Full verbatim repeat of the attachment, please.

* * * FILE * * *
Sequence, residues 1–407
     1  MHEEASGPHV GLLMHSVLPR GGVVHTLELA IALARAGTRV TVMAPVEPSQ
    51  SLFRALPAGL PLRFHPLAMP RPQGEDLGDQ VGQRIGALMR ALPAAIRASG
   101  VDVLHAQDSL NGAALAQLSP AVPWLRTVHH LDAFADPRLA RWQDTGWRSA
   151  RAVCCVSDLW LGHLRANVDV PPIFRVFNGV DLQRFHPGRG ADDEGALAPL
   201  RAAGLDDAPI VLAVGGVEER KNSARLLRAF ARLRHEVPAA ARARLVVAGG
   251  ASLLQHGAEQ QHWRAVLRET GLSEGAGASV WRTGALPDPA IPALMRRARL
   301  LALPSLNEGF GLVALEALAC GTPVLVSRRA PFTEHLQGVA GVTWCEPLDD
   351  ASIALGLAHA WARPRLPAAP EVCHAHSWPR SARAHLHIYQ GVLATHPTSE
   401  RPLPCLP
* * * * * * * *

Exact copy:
Sequence, residues 1–407
     1  MHEEASGPHV GLLMHSVLPR GGVVHTLELA IALARAGTRV TVMAPVEPSQ
    51  SLFRALPAGL PLRFHPLAMP RPQGEDLGDQ VGQRIGALMR ALPAAIRASG
   101  VDVLHAQDSL NGAALAQLSP AVPWLRTVHH LDAFADPRLA RWQDTGWRSA
   151  RAVCCVSDLW LGHLRANVDV PPIFRVFNGV DLQRFHPGRG ADDEGALAPL
   201  RAAGLDDAPI VLAVGGVEER KNSARLLRAF ARLRHEVPAA ARARLVVAGG
   251  ASLLQHGAEQ QHWRAVLRET GLSEGAGASV WRTGALPDPA IPALMRRARL
   301  LALPSLNEGF GLVALEALAC GTPVLVSRRA PFTEHLQGVA GVTWCEPLDD
   351  ASIALGLAHA WARPRLPAAP EVCHAHSWPR SARAHLHIYQ GVLATHPTSE
   401  RPLPCLP